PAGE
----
If the HVAC systems in your home haven’t been well maintained or if they are old, replacement could be another unwelcome expense.
The home inspection might indicate that you shouldn’t need to replace an air conditioner or furnace for at least a few years, but it might turn out you have a lot less time. When these things go wrong, repair might not be the best option either, with newer models being more efficient.
While homeowners are recommended to have their HVAC systems inspected every year, there’s no guarantee the seller did this. As the new owner, you could end up paying the cost for this lack of maintenance.
You might choose to pay for a service contract to have your systems maintained and inspected annually. This could offer lower-cost repairs and parts when things go wrong with your HVAC systems.
If your HVAC system isn’t well maintained, it could become contaminated with mold. And if that happens, it will spread mold around your home.
Mold can grow where there is dampness, so problems with your plumbing can also be the cause. Whatever the cause, if your home is contaminated with mold, it could create health problems. You should deal with any water leaks to avoid mold growing.
High humidity levels in your home can also allow mold to grow. Running a dehumidifier can prevent the humidity that causes mold to grow, which could cause allergic reactions or asthma attacks.
The idea of having pests in your home is an unpleasant thought, but it could also be doing serious damage to the property’s structure. Termites could be eating away at the structure of your home, doing significant damage.
Termites can enter your home through small cracks and are attracted to moisture, so you need to make sure the water doesn’t pool next to the foundations.
Though the home inspection might find evidence of termites, it isn’t guaranteed. To be sure you don’t have a termite infestation, hiring a pest inspector annually may be the best option.
If you don’t mind mowing the lawn and you already have the equipment to take care of your yard, this will keep down costs. But if you don’t have the time or the inclination, you will have to hire someone to care for your yard.
Paying someone to cut your lawn could cost you $100 a month, and then there will be other expenses that you will be billed for. Perhaps weed killer or fertilizer is recommended, and these are just some of the possible extra costs that will be added to your bill.
If you want to do this work yourself, you will need to buy some basic tools if you don’t already have them. You will need a lawnmower, rake, gloves, and many more items to keep your yard tidy.
If you live within an HOA area, they might require your yard to be regularly maintained. While you might be happy to let the grass grow, this could get you noticed by the HOA. Not maintaining your yard can also lead to blocked gutters and drains, which could allow water into your home.
The exterior of your home is exposed to the elements, and the effects of weather can add to your bills. Strong winds can cause damage to your home, that might not be covered by your insurance. The weather can cause wear and tear to your home as well, which you will need to deal with at some point.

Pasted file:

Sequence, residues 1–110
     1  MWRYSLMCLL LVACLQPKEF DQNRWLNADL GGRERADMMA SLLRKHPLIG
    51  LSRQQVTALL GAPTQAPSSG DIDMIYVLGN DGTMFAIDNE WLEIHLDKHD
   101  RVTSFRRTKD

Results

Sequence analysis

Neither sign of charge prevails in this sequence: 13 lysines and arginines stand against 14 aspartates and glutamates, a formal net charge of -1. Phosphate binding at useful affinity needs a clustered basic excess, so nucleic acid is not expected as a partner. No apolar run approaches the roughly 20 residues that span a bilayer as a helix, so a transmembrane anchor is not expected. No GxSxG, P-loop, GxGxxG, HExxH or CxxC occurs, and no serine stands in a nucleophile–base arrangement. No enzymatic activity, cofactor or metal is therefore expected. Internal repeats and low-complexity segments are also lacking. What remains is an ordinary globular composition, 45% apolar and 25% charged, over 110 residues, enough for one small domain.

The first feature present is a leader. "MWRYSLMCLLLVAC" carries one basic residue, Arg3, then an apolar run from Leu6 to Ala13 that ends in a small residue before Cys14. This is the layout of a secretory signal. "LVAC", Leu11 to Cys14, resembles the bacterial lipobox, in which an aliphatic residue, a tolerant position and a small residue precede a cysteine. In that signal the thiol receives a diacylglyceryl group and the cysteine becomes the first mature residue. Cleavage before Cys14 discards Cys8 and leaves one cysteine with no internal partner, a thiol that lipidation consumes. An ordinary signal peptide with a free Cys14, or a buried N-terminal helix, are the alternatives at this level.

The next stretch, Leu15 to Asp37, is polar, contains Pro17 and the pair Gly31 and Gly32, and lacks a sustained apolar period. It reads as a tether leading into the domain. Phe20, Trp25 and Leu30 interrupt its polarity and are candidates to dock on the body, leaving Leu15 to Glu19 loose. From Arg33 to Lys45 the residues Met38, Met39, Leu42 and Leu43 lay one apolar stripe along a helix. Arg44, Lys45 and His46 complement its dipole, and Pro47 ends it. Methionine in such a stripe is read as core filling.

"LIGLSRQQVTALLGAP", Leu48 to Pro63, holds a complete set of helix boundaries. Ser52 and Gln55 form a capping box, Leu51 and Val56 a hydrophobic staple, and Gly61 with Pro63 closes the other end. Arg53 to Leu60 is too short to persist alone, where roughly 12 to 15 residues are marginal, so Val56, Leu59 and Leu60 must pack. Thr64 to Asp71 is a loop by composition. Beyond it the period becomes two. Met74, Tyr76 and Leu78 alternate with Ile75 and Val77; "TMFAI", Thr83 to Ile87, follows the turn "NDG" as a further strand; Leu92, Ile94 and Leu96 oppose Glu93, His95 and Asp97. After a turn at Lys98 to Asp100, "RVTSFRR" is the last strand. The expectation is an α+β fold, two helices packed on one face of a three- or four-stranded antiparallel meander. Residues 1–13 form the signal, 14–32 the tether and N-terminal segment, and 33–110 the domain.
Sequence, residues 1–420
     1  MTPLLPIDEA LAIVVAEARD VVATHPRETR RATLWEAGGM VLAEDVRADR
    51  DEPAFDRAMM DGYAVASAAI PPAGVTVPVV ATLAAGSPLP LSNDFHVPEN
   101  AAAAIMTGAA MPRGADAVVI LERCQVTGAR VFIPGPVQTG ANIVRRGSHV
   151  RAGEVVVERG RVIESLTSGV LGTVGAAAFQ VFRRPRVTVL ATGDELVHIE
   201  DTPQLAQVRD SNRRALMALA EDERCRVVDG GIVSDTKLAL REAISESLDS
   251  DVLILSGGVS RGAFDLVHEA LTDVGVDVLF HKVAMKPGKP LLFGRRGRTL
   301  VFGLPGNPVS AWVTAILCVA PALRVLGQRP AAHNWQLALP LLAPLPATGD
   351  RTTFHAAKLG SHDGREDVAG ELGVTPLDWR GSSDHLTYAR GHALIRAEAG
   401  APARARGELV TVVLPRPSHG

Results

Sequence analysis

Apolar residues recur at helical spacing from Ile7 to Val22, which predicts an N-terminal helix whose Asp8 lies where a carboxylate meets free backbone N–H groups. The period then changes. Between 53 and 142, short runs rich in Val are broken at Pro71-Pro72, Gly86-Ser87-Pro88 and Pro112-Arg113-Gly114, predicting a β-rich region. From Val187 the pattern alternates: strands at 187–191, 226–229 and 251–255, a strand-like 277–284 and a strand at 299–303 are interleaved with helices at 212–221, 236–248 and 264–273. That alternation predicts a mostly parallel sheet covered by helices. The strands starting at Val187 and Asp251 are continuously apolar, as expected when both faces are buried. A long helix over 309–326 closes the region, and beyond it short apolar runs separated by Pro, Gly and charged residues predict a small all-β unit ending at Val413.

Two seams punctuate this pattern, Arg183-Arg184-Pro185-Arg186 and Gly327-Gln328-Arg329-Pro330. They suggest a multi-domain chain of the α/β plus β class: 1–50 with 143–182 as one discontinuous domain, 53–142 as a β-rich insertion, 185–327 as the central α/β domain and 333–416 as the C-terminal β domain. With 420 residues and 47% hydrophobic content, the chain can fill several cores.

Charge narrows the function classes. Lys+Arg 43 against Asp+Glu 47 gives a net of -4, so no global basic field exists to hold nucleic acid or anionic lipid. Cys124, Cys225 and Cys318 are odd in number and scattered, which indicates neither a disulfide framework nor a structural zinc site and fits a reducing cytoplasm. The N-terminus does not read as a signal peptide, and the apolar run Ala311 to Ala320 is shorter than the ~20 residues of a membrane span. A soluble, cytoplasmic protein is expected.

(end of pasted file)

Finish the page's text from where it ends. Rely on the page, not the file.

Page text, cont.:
Cracks can appear in the siding that you will need to repair. Your home might need to be repainted, decking restained, and repairs made to fences. Whatever the problem, there always seems to be something that needs to be fixed or renewed when you own a house.
Inside your home, many things can go wrong or need replacement. From appliances breaking, to wear and tear through normal use of the home, you should have a budget to deal with these issues when they arise.
You also need to maintain the interior by keeping it clean. If you are moving from an apartment to a house, you will probably have some cleaning supplies and a vacuum, but you will need to spend more.
A larger home also means more work and time to keep it clean. If you don’t have much free time, you might want to hire someone to help you stay on top of the cleaning. Hiring someone to clean could cost you $100 or more every time they visit.
An Emergency Fund
If a pipe suddenly starts to leak or faulty wiring cuts the power, you will need to hire someone to fix it right away. Putting aside a small amount of money to deal with these types of situations can prevent you from finding yourself in a difficult situation should the worst happen.
If you can save 1% or 2% of your mortgage balance for an emergency fund, surprise maintenance requirements will be more manageable.
Final Thoughts on the Hidden Expenses of Owning a Home
It is easy to get wrapped up in the excitement of buying your first home, and you might think you can comfortably cover the loan payments. However, there are many other expenses when you own a home that could mean your budget is tighter than you imagine.
If you use the full amount offered by your mortgage company to buy a house, there might not be much left at the end of each month for discretionary spending. Then if anything goes wrong that reduces your income, you could find yourself unable to afford your monthly expenses.
About the author: This article was written by Luke Skar of MadisonMortgageGuys.com. As the Social Media Strategist, his role is to provide original content for all of their social media profiles as well as generate new leads from his website.
We provide award-winning customer service to clients who need to purchase a home or refinance an existing mortgage.